Week 2 update: thoughts on neutrality and international chess

My first week of research focused entirely on internalizing the history of the Spanish civil war. My reading has included two English-language history books, a Spanish-language book exploring how the guerra civil continues to shape Spanish identity and politics, and Orwell’s Homage to Catalonia. In general, Spanish accounts emphasize domestic actors and ideas much more than an English emphasis on international intervention. Also, foreign accounts (including Orwell) are more likely to use a unique “Spanish-ness” as an explanatory factor.

However, one of my favorite insights came from an analysis of U.S. domestic politics in the 1930s. The United States had imposed a “moral embargo” of weapons sales to Spain when the conflict began, and Congress was debating a formalized legal embargo. For the two bands of the conflict, international neutrality codified in weapons embargoes had very different consequences. For Franco’s rebels, weapons continued flowing (illegally) in greater numbers from Germany and Italy, while crucial support from France was denied to the legally and popularly elected Republican government. One U.S. Senator argued that he would be willing to support an embargo to localize the conflict in Spain. However, he added, he “hope[d] it [was] not going to be done in the name of neutrality, for, strictly speaking, neutrality it [was] not,” (Senator Nye in Spain and the Great Powers 1936-1939 p. 156).

In its own way, international neutrality regarding the Spanish civil war played an equally important role as the battalions of Italian soldiers or Hitler’s luftwaffe. Neutrality in name is rarely neutrality in practice, especially in internationalized civil wars in unstable regions like 1930s Europe or the modern Levante. In the context of the Syrian civil war, even states that have abstained from military action or aid are implicated in various ways.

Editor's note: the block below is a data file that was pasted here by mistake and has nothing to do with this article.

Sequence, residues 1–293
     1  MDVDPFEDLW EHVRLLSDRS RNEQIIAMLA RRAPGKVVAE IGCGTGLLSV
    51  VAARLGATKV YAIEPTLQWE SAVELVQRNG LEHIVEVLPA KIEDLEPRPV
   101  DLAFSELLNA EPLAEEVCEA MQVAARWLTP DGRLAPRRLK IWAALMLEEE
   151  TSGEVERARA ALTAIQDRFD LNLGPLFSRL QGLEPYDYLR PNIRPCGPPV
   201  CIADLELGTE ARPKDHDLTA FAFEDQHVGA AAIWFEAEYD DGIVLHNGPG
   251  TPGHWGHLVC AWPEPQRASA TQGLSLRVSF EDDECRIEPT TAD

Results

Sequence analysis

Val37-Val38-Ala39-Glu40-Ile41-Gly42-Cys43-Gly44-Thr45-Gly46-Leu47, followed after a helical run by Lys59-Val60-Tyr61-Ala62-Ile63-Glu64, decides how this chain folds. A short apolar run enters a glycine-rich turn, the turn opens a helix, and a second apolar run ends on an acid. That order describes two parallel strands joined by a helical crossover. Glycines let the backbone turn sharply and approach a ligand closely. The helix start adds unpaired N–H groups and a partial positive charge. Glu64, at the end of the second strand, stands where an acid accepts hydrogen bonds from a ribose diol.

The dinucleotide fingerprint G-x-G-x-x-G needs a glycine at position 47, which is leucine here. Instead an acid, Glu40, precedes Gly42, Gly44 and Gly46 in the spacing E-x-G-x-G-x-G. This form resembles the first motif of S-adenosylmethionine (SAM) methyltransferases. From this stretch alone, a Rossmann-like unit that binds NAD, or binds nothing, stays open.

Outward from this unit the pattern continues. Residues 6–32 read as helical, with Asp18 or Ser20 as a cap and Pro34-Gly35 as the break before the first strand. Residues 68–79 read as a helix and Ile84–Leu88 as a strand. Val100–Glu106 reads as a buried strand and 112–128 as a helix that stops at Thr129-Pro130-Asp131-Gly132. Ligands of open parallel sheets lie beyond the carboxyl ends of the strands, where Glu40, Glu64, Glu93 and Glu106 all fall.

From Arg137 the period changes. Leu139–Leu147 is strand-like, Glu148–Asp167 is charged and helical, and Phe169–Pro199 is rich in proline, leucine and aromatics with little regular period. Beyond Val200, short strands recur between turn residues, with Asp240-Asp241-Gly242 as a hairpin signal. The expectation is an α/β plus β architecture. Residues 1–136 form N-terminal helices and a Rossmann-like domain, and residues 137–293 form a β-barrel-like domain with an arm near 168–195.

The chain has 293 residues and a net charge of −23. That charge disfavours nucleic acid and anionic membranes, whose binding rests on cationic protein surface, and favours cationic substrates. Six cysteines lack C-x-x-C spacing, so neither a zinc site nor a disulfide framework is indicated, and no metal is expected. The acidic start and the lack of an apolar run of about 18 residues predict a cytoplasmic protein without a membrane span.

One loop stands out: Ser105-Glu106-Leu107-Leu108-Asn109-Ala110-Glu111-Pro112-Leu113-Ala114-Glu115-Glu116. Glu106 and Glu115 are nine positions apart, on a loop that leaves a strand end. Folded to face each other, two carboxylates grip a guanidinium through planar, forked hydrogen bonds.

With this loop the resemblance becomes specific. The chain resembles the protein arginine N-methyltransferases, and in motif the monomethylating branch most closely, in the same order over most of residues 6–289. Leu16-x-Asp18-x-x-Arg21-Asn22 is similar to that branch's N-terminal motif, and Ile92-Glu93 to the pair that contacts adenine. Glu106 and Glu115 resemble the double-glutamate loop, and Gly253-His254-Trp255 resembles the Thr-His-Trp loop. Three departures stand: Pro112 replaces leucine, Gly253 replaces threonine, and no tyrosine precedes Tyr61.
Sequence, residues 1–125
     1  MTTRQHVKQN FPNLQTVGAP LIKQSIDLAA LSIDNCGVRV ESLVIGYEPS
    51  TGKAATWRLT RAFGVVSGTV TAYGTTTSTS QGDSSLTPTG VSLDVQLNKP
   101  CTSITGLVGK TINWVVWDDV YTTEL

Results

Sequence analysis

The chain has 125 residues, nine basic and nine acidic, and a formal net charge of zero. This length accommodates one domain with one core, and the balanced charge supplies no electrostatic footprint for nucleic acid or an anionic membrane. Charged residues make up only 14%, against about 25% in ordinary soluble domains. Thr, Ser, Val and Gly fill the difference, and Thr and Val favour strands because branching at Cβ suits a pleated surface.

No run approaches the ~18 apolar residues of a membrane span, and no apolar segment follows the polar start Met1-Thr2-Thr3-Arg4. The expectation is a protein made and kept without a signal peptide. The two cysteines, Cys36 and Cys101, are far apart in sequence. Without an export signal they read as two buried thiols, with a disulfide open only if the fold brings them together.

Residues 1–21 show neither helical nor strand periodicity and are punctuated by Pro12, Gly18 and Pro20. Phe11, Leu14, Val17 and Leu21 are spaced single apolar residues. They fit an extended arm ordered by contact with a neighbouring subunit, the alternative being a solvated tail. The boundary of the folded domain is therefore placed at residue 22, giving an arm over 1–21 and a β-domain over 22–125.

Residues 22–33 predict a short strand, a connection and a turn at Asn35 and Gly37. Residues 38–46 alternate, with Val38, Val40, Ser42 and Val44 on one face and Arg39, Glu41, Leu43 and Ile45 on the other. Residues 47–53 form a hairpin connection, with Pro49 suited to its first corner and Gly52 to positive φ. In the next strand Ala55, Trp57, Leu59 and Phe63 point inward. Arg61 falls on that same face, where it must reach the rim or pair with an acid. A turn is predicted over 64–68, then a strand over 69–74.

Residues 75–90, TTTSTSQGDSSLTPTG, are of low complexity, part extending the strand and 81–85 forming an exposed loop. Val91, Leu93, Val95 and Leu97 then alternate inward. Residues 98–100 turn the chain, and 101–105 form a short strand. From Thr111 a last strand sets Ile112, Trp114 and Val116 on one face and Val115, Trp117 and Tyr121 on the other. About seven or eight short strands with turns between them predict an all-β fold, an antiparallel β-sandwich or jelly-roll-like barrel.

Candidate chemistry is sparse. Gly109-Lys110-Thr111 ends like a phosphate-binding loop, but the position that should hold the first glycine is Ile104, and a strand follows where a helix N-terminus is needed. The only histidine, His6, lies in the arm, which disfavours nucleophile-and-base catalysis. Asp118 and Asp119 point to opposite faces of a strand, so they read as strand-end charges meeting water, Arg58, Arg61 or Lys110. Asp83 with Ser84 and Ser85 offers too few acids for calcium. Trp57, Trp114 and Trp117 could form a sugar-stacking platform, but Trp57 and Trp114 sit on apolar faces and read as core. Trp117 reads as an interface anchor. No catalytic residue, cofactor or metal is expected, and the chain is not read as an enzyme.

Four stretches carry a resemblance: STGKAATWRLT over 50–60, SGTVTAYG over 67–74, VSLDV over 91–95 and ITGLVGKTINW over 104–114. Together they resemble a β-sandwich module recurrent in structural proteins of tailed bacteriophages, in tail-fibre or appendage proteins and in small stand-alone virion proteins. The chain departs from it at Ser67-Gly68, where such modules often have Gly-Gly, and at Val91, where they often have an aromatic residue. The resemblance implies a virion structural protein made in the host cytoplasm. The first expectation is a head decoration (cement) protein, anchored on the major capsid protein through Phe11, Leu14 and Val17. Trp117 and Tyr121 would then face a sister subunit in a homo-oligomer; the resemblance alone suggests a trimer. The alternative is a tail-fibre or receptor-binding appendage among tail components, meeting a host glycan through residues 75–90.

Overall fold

International neutrality in Spain was a mistake in the name of appeasement, given that Hitler invaded Czechoslovakia less than a year after the Spanish conflict ended. However, it was characteristic of overly cautious Western powers terrified of a conflict in their backyard. Obvious though it sounds, a crucial difference between the Spanish and Syrian conflicts is that Syria is in the Middle East. In contrast to a European war, Middle Eastern conflicts do not threaten the actual territory of great powers. As a result, “European states found in the Middle East a convenient arena to fight out their own rivalries with little risk,” (Dietrich Jung, The Levant in Turmoil p. 202). Great powers openly use the Middle East as a realpolitik chessboard, prolonging the Syrian conflict with none of the characteristic caution they showed in Spain.

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